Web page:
Wednesday, 20 April 2016

Reconnecting the City: Historic Urban Landscape and the role of geology…by Deodato Tapete

In 2011 UNESCO issued the Recommendation on the Historic Urban Landscape (HUL), an approach to the management of heritage resources in dynamic and constantly changing urban environments. The book 'Reconnecting the City' edited by F. Bandarin & R. van Oers offers the opportunity to understand how HUL can be put into practice.  In his book review, Deodato Tapete, Applied Urban Geologist at the British Geological Survey, examines the current challenges and opportunities for HUL in future cities …

With more people moving to live in cities, urban environments are under increasing pressure as new houses and infrastructure are built and the cityscape is transformed. If the transition to the future city does not include measures to integrate harmoniously historic urban heritage with new developments, loss of local distinctiveness and spatial fragmentation are among the risks that historic cities can face.

Effective use of the local bedrock in ancient Pafos to place housing utilities (Photo credit: D. Tapete)
Seeing and interpreting cities as continuum in time and space may help to find viable solutions. In practice, along horizontal directions, design of future cities should prevent isolation and abrupt separation of historic centres from new quarters and modern fabric.

Interactions between the ancient city, local geology and modern
development in Pafos (Photo credit: D. Tapete)
Along the city verticality building construction should account more for the local ground conditions, but also for the wealth of resources which are preserved in the subsurface including the archaeological layers of the city, underground space used in the past and the artificial ground as a result of the human impact on geological materials and local bedrock.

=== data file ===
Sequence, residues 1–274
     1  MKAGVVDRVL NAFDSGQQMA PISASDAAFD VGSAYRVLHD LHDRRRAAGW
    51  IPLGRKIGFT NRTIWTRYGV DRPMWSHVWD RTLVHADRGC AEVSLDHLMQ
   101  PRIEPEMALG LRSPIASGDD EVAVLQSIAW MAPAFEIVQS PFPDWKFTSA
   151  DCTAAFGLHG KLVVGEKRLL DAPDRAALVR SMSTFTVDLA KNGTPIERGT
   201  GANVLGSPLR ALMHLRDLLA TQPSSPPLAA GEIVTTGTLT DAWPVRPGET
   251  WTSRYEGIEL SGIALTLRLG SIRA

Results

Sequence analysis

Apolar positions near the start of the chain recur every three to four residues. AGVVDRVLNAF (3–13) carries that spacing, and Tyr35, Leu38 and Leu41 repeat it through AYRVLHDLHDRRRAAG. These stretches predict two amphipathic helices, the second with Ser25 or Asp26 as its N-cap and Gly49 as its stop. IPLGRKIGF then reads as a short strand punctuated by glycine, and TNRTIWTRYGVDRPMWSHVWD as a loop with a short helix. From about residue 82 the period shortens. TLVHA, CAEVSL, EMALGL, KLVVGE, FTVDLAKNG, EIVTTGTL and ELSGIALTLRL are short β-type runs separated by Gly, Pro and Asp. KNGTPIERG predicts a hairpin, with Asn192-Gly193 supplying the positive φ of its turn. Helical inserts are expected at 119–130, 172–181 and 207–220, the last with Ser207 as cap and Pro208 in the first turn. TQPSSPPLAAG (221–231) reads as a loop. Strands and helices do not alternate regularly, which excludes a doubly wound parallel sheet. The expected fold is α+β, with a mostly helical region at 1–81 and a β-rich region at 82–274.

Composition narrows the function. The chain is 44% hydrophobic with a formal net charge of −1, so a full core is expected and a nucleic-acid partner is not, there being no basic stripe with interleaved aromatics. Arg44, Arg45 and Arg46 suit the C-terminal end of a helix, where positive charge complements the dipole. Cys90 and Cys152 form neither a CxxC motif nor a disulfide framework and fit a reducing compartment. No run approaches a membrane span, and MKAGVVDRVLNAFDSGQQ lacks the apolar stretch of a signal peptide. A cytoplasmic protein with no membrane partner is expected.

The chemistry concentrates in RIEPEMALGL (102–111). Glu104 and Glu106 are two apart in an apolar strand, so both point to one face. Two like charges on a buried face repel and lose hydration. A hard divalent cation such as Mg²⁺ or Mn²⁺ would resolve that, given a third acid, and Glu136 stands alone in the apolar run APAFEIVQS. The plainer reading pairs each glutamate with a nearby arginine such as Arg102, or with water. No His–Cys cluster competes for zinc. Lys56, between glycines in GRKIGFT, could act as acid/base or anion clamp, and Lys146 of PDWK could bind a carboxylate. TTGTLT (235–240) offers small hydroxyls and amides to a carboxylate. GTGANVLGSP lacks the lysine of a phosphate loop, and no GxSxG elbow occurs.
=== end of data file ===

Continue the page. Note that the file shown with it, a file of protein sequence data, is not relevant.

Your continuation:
Geology has always played a central role in how cities take shape and interact with the natural environment as they develop. Several examples can be found across the world. The most recent I have visited is Pafos in Cyprus which, in 2017, will be European Capital of Culture.

The Greek and Roman settlements adapted to the local limestone geology and exploited the rock outcrops to set the building foundations, design and place the housing utilities (Figure 1), dug burial chambers and erect the most monumental public spaces such as the theatre and the Odeon.
Since then Pafos has seen phases of redevelopment and urban sprawl. The modern city still interacts with the vestiges of its history. Geological influence on city form and geological local distinctiveness are visible everywhere (Figure 2). But, in HUL perspective, what could it be done more to improve the physical connectivity between these two souls of the city?

This is the type of the questions that the book by Bandarin & van Oers attempts to answer and I believe that geology can help with that!

The full book review is accessible at http://authors.elsevier.com/a/1Spf1y5jORXW6

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